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The Fretts on Film Interview: Billy Connolly

January 10, 2013

At 70, Billy Connolly has finally, truly moved to the Head of the Class. The Scottish standup and sitcom vet, who held his own opposite Dame Judi Dench in Mrs. Brown, now steals the show from Dame Maggie Smith and Co. in Dustin Hoffman‘s directorial debut, Quartet. I spoke with Connolly for the New York Daily News, and here’s more of our conversation about life with his wife (SNL alum Pamela Stephenson), why he never did a Harry Potter movie and how “that British middle-class idea of charm gives me the shits.”

Dustin Hoffman told me he had called you after Mrs. Brown came out to compliment you on your performance and he didn’t think you took him seriously at the time. Is that true?

Well, it’s not that I didn’t take him seriously. We always have fun. We always have a laugh. I took him seriously, but there’s nothing you can do about it. I didn’t want to faint and say, “My God, Dustin Hoffman takes me seriously as an actor!” At the time he asked me to send him some tapes of stuff I had done, and I didn’t do it. I got embarrassed. I’m kinda like that. If I don’t do it immediately, I don’t do it. I’ve always been fond of my friendship with Dustin but I didn’t want to push it.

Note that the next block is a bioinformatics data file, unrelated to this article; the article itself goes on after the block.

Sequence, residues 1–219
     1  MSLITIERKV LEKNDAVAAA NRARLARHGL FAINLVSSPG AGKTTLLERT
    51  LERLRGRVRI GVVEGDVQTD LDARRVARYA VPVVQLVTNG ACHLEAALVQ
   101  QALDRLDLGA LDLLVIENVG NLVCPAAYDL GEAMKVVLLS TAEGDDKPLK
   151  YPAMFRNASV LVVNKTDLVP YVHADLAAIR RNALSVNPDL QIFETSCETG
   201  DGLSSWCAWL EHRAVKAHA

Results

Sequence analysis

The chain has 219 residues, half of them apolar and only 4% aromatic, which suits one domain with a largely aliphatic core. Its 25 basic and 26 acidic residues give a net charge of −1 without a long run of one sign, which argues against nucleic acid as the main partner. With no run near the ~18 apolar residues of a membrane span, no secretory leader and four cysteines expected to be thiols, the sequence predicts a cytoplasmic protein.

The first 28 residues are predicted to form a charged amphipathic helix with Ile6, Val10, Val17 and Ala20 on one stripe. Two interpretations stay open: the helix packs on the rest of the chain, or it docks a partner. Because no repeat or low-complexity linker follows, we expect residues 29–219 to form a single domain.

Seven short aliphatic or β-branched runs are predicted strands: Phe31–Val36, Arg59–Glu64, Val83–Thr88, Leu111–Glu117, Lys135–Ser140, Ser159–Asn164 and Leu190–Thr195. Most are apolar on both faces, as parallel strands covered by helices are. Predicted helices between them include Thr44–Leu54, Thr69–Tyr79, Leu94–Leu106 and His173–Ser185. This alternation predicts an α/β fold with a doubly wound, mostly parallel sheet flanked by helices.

You joked about him in your act, though.

Oh, yeah. Nobody gets off safe. Nobody gets a free pass.

Is it true you turned down the role in Quartet initially because you didn’t know if you were up for it? What was your concern?

I didn’t turn it down. I was a bit worried about it, if I could do it.

Judi-Dench-Billy-Connolly-Mrs-BrownYou worked with Dame Judi Dench before, so why not Dame Maggie Smith?

Yeah, I thought if it was anything like that, it’d be great. Because the people of that stature like Maggie Smith and Judi Dench bring another thing with them. It’s very difficult to explain. If you see someone play a Beethoven sonata, if you see Nigel Kennedy playing the fiddle or Earl Scruggs playing the banjo or Eric Clapton playing the guitar, you think great when they’re on. They bring a sort of atmosphere with them.